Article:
The energy absorbed during the axial collapse of a variety of structures made in steel, aluminum alloy, and glass fiber reinforced plastic (GFRP) was examined with respect to changes produced by foam filling reinforcement. A simple model was devised which permits reasonable estimates of the axial collapse load for a structure and an assessment of the weight-effectiveness of foam filling for that structure. Design charts are given, from which the dimensions can be derived for sections made in either steel or aluminum alloys of any particular strength level, in order to establish foam weight-effectiveness. Foam filling is primarily of value only in sections made from high density, low strength materials, e.g. mild steel. It becomes weight-effective in sections having a thickness-to-section size ratio of less than about .02. In the case of brittle materials (e.g. GFRP), foam filling promotes the crush stability of the structure. Such stability improvements may be the major need for foam filling in these sections and also in large, thin-wall metal sections.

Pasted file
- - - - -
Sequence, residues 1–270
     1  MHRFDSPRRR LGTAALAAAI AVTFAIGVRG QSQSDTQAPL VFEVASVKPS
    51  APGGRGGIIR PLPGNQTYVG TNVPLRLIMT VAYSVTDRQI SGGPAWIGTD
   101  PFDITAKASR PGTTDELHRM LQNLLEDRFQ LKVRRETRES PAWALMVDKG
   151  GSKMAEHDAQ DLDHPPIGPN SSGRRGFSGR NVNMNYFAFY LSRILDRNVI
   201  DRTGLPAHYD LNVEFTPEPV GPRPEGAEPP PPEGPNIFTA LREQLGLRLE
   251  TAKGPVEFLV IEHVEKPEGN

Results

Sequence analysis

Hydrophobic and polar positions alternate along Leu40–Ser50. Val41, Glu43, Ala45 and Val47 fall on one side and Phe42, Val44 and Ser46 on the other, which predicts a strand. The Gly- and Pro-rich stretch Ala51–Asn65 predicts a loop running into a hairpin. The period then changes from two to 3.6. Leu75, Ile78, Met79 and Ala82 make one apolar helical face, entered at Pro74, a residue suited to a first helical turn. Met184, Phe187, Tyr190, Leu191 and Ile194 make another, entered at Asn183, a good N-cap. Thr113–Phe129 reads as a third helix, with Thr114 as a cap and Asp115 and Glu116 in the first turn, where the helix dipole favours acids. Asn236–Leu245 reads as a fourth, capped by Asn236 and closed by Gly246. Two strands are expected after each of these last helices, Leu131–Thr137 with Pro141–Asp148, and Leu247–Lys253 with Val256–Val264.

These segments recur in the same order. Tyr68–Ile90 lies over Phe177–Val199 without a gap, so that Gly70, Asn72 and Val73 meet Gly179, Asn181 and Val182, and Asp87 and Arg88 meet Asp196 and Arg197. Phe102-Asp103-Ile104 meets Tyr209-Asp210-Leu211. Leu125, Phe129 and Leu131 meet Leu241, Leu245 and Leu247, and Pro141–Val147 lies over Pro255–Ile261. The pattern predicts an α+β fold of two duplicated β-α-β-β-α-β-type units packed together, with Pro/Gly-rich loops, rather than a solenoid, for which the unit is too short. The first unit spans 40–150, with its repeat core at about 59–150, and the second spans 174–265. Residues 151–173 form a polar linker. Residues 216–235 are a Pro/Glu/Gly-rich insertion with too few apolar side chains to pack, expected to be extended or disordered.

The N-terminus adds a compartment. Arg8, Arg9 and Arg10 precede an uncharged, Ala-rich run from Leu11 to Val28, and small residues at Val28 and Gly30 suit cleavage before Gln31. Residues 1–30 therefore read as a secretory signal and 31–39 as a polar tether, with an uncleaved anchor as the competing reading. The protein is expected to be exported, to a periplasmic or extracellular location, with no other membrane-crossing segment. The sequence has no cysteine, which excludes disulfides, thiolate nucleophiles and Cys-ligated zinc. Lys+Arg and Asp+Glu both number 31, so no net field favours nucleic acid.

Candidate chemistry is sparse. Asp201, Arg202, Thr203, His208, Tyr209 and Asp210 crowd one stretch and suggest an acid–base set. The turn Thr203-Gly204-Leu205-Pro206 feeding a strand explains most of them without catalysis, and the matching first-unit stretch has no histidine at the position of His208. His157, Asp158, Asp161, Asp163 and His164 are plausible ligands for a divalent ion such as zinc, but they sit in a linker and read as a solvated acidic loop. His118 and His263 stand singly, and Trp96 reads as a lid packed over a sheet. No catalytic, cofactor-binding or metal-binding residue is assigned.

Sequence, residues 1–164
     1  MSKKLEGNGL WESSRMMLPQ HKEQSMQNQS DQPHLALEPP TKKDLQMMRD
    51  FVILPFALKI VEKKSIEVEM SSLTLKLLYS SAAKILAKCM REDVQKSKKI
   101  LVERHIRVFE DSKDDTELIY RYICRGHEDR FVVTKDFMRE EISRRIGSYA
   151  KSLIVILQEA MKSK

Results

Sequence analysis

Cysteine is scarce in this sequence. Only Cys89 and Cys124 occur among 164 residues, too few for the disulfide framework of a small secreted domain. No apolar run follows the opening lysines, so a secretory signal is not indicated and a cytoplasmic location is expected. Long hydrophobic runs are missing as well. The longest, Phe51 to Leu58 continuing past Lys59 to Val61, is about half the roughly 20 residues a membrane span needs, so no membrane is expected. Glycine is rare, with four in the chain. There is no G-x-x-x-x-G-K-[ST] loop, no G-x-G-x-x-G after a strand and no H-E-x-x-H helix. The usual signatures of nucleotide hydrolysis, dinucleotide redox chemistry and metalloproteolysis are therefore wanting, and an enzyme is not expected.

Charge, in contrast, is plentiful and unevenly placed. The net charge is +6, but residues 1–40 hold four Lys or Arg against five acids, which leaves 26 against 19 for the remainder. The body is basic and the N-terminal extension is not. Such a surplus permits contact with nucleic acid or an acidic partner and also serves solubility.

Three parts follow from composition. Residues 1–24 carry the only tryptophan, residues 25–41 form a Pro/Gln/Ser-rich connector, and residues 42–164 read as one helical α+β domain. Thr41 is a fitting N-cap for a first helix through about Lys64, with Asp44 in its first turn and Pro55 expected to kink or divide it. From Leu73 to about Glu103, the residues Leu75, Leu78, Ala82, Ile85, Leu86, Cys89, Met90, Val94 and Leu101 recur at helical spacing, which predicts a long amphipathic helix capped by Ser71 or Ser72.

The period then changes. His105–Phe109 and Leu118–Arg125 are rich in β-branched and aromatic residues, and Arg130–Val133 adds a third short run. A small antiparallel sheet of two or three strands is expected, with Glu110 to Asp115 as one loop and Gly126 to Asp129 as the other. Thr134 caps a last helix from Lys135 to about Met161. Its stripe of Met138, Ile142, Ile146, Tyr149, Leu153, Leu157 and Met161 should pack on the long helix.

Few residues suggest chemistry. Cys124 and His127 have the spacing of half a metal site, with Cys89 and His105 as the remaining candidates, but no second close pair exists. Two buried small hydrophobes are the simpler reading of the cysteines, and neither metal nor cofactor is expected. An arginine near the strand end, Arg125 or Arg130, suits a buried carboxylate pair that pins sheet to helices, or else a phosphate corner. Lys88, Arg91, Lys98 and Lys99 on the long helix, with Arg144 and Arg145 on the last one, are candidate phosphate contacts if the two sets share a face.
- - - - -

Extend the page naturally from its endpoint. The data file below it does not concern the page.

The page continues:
• Availability:
  • Supplemental Notes:
    • Presented at SAE Congress and Exposition, Detroit, 25-29 February 1980.
  • Corporate Authors:

    Society of Automotive Engineers (SAE)

    400 Commonwealth Drive
    Warrendale, PA  United States  15096
  • Authors:
    • Thornton, P H
  • Publication Date: 1980

Media Info

Subject/Index Terms

Filing Info

  • Accession Number: 00389105
  • Record Type: Publication
  • Source Agency: National Highway Traffic Safety Administration
  • Report/Paper Numbers: SAE 800081, HS-029 593
  • Files: HSL, USDOT
  • Created Date: Sep 28 1984 12:00AM